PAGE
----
Let’s pause for a moment and consider the blessings happening all around us.
We are paying attention to what really matters.
Here’s a paradox: it is not until things break down that we start appreciating them – or even remembering that they exist.
I have had seasonal asthma for 50 years and am profoundly grateful for air and breathing. When I was young, I was in a hospital for a year and walking became – and still is---a wonderful privilege.
An unexpected inability to move can trigger a wave of friends and relatives offering their help.
It is from these mishaps that we come to remember our loved ones, and create or renew rituals like car-pooling, long walks with friends, or having meals together, even if it is on Zoom.
So COVID-19 has made us far more mindful of our health and thankful for our bodies. We are reminded of all the vulnerable populations in our societies and how much we care about them.
Most crucially, we are now reminded that we have, and that we are, a global society.
Cooperation is spreading on an unprecedented global scale.
Before the panic, the western world was already facing an epidemic of anxiety, loneliness, mental illness and rising uncertainty about the future.
However, COVID-19 has become an antidote to this.
As we are all focusing on what matters most, the vital importance of coordination and cooperation has become a reality again.
The media is now reporting how people are patiently waiting their turn and taking precautions to protect the weak, along with ongoing acts of kindness among strangers, friends checking in on each other, families spending time together and volunteers delivering food.
On a much bigger scale, world governments are now coordinating preventive measures with a degree of cooperation never seen before.
We are finally slowing down.
COVID-19 is helping us surmount our penchant for overworking. As social distancing measures are being implemented around the world, a sharp increase in life-saving air quality has already been documented from China to Italy, with carbon emissions reaching new lows each day because of reduced air travel.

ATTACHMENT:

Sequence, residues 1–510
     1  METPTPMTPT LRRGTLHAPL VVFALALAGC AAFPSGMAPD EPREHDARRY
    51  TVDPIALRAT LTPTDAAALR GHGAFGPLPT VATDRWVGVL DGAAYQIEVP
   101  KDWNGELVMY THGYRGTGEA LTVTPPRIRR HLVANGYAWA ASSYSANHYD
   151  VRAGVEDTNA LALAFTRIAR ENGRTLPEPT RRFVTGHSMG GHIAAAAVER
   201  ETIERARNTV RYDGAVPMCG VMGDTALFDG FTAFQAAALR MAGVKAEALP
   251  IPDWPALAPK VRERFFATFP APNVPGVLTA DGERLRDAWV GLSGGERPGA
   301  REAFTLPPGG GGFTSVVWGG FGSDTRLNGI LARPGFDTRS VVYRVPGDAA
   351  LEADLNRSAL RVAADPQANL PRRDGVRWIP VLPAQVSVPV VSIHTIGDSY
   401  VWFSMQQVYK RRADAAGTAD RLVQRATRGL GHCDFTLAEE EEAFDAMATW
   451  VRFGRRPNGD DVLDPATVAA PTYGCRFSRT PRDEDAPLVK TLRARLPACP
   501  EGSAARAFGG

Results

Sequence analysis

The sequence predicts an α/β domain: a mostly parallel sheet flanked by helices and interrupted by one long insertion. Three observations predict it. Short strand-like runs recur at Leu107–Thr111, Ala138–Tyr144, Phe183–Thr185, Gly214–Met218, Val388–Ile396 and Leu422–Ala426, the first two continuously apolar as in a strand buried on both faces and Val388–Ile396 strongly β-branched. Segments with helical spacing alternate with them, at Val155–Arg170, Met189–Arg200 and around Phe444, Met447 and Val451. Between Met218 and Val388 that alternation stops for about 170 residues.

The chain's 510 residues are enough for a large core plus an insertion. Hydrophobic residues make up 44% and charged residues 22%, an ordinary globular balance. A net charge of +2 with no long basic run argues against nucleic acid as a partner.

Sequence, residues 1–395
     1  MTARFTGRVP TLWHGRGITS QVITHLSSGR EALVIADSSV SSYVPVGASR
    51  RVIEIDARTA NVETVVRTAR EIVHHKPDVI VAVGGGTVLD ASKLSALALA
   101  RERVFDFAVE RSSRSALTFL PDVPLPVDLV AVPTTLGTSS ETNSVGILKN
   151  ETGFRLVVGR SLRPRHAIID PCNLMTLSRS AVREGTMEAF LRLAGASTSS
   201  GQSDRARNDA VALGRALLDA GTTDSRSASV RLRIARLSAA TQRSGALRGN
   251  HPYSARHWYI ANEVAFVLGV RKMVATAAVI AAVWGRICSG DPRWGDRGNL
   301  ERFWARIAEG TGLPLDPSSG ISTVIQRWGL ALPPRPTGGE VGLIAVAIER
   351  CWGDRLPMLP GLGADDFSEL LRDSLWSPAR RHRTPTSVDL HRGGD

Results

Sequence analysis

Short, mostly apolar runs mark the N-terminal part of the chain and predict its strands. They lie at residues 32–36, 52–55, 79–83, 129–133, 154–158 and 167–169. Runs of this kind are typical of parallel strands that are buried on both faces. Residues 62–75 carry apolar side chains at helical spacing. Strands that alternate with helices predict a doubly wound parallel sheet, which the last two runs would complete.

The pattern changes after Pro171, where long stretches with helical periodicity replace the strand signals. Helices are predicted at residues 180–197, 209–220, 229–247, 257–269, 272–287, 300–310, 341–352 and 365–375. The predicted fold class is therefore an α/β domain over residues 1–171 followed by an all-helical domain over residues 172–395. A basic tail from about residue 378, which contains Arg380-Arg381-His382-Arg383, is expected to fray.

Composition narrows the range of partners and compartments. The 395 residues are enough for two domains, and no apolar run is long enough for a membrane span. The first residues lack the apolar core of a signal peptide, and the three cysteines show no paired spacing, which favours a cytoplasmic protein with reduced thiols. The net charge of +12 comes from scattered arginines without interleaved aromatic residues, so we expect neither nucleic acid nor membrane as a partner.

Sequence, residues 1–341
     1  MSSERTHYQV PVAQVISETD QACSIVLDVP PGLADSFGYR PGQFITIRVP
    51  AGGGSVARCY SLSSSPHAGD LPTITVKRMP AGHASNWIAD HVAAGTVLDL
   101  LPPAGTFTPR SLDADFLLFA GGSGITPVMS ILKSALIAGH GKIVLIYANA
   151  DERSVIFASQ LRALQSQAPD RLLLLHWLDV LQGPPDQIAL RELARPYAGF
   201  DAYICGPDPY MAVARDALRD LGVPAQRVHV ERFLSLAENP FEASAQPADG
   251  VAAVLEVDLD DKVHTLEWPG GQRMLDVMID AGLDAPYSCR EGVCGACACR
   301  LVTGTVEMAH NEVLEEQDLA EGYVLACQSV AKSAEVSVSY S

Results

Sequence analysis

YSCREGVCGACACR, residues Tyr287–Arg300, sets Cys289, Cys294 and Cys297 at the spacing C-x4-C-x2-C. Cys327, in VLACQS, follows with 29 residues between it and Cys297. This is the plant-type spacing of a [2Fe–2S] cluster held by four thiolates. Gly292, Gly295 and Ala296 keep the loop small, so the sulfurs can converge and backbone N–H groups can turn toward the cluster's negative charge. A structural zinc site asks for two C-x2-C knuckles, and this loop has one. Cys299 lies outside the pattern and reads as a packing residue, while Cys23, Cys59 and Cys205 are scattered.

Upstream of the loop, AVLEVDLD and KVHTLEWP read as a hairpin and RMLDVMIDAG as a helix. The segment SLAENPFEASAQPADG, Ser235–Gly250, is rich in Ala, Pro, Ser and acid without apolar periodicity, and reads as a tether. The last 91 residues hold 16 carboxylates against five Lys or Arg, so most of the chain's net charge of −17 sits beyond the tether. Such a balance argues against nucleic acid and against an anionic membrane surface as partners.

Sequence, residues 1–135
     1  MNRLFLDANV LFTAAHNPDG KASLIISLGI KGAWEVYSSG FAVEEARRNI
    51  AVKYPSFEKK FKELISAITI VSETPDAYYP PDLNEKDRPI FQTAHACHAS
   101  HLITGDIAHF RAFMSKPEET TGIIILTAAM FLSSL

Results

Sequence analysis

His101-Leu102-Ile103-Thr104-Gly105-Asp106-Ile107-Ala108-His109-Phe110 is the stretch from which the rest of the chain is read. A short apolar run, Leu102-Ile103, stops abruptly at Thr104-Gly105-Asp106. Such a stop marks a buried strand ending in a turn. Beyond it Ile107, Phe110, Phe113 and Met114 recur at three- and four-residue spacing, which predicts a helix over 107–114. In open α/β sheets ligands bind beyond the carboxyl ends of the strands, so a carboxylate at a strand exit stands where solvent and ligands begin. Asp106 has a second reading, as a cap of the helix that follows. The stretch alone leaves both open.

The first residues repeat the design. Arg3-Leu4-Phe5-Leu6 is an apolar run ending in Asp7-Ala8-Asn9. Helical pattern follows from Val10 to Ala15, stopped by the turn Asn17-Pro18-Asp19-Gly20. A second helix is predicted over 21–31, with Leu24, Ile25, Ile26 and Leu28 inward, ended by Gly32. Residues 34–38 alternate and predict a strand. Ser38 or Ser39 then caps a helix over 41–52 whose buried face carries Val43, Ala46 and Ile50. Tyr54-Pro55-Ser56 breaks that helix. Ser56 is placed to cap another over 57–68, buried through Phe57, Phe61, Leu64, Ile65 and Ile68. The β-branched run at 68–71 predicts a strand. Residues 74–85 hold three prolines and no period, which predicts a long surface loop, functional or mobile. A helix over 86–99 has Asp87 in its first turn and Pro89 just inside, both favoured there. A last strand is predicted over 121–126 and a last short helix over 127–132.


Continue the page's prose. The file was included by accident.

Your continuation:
At this point, most of us are already living in conditions of enforced slowness and distancing that are finally giving us the opportunity to work less, spend time with loved ones, and find the time to chat, read, play music, cook, go for long walks, and engage in all the pleasures we had forgotten to cultivate as we were chasing the futile goals of our accelerated, anxious lives.
In other words, COVID-19 is reminding us that while the very social fabric that once made us strong has been broken, we are finding ways to fix it.
We are finding meaning and connections, even in isolation.
Striking that balance between slowness and isolation will continue to be a challenge in the weeks and months to come.
We are learning to take cues from our health authorities to help protect the vulnerable. Our thoughts and prayers are going to those who must remain away from their loved ones for now.
However, we are also learning how to use the longing we feel for more connections as a reminder and celebration of the importance of our connectedness.
There is a wonderful passage in the Bible from the book of Ecclesiastes.
“There is a time for everything.”
“A time to embrace and a time to refrain from embracing, a time to search and a time to give up, a time to keep and a time to throw away, a time to tear and a time to mend, a time to be silent and a time to speak, a time to love and a time to hate, a time for war and a time for peace.”
Ecclesiastes reminds us of the simple things that make us whole: spending time with loved ones; eating good meals; sleeping, feeling the sun on one’s skin; watching the sun fall and rise again, and feeling at peace in the knowledge that it will rise again.
So perhaps…just perhaps…we are becoming grateful that these troubled times have brought us closer together.
The sun will rise again.
Steven Campbell is the author of “Making Your Mind Magnificent.” His seminar “Taming Your Mind, Unleashing Your Life” is now available on line at stevenrcampbell.teachable.com. For more information, call Steven Campbell at 707-480-5507.